CREDIT: DYLAN PASSMORE\FLICKR
The Safe Systems Approach for Road Safety BY NEIL ARASON, AUTHOR OF NO ACCIDENT: ELIMINATING INJURY AND DEATH ON CANADIAN ROADS Land transportation deaths and severe trauma represent an enormous problem. Unfortunately, it is rarely given the priority commensurate with the size of the issue and the large number of solutions available, often at low cost. Massive change can be achieved if we shift our thinking, make road safety a priority, and adopt vision zero and the safe system approach. When it comes to land transport, the numbers speak for themselves. In Canada, over 235,000 people have been killed in motor vehicle crashes since 1950. In the last ten years, around 187,000 people have been hospitalized from traffic crashes. There has been no recent progress in reducing fatalities and major injuries to pedestrians and cyclists. And even though road deaths are the number one killer of young people in Canada up to age 24, the overall topic gets little political traction or serious public discussion. What we first need to understand about the road safety problem is that humans are imperfect. Consider just some of the human factors associated with millions of drivers over billions of hours of driving time: alcohol, drugs, distraction, fatigue, complacency, speeding, high testosterone levels, low maturity levels, low self-control, vision issues, cognition issues, weak motor skills, mental health issues, drivers who feel rushed or agitated, and the seeping proliferation of ordinary human error. Indeed, Johnston, Muir, and Howard reveal in their book Eliminating Serious Injury and Death from Road Transport that about 60% of fatalities and 90% of serious injuries from road crashes do not involve a driver 11 TRANSPORTATION TALK | WINTER 2018-2019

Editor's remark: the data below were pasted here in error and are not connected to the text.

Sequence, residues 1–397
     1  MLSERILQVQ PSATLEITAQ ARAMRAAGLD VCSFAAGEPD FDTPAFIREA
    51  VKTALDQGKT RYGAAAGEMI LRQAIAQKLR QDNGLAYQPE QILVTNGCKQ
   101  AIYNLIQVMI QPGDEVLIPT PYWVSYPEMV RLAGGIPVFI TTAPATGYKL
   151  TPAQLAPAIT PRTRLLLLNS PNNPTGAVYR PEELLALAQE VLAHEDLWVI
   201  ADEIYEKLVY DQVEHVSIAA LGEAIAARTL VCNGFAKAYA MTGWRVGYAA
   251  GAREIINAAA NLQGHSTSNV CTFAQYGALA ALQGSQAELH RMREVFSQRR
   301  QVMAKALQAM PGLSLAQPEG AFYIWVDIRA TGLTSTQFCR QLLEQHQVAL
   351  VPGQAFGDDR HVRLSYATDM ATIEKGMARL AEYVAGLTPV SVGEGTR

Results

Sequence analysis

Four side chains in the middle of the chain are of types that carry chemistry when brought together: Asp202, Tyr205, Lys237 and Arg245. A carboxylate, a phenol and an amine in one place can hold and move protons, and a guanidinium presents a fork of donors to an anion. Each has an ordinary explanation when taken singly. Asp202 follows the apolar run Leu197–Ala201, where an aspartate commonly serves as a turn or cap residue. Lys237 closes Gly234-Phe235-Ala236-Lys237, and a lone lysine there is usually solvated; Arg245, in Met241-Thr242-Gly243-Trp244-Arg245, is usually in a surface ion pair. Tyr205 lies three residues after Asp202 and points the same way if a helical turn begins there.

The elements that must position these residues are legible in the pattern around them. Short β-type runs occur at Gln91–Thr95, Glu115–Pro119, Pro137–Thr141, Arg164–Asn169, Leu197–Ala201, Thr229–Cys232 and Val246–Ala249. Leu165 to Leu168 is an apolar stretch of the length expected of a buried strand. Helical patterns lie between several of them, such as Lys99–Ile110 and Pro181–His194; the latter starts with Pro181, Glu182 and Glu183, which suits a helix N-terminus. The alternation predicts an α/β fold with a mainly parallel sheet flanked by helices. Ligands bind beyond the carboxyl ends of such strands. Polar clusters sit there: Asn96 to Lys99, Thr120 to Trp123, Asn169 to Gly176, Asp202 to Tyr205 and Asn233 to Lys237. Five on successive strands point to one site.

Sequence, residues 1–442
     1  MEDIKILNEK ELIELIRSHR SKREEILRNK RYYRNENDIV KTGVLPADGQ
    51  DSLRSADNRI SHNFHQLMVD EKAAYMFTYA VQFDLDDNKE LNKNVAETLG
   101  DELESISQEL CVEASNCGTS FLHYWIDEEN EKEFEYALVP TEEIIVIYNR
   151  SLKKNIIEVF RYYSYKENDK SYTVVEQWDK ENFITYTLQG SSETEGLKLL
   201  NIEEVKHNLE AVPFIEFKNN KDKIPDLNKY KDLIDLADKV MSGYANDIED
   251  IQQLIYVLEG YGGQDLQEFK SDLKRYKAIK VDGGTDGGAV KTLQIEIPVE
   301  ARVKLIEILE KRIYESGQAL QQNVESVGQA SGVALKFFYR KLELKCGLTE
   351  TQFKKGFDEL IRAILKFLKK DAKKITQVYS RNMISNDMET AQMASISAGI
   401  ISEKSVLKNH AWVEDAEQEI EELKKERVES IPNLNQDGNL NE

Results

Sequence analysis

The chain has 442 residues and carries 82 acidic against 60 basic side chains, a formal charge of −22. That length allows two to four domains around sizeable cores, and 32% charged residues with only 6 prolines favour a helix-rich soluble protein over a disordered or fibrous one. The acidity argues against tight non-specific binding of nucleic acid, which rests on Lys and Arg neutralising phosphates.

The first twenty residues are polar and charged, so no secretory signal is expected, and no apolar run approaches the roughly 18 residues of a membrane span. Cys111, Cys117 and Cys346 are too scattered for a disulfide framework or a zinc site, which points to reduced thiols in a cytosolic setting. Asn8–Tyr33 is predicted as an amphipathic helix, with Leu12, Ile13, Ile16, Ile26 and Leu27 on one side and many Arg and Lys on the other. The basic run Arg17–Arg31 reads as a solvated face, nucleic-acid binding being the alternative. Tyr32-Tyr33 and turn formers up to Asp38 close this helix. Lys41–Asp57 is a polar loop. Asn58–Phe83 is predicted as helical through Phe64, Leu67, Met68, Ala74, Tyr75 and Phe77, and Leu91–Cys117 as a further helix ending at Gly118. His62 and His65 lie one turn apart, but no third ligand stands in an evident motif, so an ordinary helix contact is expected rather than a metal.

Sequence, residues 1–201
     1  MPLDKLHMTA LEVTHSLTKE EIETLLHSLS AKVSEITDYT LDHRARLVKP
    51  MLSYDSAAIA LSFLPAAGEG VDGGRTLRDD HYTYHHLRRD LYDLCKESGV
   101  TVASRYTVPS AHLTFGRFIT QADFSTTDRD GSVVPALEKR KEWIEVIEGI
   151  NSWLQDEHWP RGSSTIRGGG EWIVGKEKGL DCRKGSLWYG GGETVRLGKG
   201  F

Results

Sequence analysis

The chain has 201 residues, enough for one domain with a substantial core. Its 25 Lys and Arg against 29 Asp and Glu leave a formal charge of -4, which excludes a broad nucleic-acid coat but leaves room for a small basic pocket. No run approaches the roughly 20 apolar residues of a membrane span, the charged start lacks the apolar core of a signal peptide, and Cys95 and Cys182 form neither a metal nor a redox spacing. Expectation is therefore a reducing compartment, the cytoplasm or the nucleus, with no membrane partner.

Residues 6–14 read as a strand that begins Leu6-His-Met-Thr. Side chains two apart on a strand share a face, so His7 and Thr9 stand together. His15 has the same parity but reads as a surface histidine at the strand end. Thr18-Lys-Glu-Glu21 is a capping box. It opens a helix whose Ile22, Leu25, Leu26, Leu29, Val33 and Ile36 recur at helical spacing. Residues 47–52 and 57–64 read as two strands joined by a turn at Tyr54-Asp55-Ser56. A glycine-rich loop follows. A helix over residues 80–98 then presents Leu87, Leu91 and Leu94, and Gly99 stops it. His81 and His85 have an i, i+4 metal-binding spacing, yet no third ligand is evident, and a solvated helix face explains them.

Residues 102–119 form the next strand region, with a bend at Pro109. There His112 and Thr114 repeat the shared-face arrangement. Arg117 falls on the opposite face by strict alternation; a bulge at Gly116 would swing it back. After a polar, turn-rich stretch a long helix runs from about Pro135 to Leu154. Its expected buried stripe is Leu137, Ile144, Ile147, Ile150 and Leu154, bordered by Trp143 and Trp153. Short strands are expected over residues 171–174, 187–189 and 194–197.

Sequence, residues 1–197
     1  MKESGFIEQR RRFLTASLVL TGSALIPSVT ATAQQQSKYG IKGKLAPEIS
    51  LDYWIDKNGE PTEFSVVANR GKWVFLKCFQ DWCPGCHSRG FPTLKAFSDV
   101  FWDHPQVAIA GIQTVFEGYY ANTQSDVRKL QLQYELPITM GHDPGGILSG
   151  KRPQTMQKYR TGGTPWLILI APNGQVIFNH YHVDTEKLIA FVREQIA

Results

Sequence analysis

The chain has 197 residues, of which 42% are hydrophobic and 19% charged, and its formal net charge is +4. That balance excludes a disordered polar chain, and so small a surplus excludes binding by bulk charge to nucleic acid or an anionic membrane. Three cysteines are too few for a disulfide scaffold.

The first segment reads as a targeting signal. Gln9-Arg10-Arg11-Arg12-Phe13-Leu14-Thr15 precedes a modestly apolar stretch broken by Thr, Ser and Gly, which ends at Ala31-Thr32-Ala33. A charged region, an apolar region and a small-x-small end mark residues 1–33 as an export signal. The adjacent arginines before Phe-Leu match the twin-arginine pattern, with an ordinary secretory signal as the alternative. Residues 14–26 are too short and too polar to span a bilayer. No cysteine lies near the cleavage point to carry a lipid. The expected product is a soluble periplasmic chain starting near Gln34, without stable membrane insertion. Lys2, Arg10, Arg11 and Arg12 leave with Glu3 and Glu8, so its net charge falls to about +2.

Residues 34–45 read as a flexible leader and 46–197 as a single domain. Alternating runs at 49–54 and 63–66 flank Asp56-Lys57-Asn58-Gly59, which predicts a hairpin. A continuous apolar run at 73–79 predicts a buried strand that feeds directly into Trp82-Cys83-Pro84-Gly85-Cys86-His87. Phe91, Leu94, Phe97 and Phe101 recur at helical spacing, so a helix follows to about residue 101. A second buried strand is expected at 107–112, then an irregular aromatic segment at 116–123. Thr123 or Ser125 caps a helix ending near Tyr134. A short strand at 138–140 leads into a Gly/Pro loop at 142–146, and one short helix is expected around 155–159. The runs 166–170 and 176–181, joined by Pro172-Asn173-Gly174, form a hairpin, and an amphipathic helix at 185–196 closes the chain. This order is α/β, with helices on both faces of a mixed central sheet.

purposefully breaking an overt law. The authors hit home the point that road crashes and their horrific outcomes happen to ordinary people in ordinary circumstances. At the same time, the distribution of road trauma is not entirely random. Researchers in British Columbia reviewed child pedestrian deaths and found that aboriginal children and those from low-income families were significantly overrepresented. US studies reveal that higher socioeconomic status is associated with better vehicle safety features and that, despite long-term declining overall road crash mortality rates, the resulting benefits are disproportionately impacting the wealthy. But enough about the road safety problem – what about the solutions? To achieve meaningful changes, the first thing we need to do is make road safety a priority. To see the change that can result when governments take action, we can look to France. In July 2002, President Chirac announced “The fight against road un-safety” as one of its top three priorities. As a result of the ensuing actions, France achieved some of the steepest declines in road trauma of any OECD-member country – a yearly average 7.6% decrease in fatalities for 10 consecutive years starting in 2000. Canada, on the other hand, has not made road safety a priority. In 2016, Canada ranked only 14th in road safety performance as measured by motor vehicle deaths per 100,000 persons. Countries with the best road safety performance have about half the road trauma that Canada has.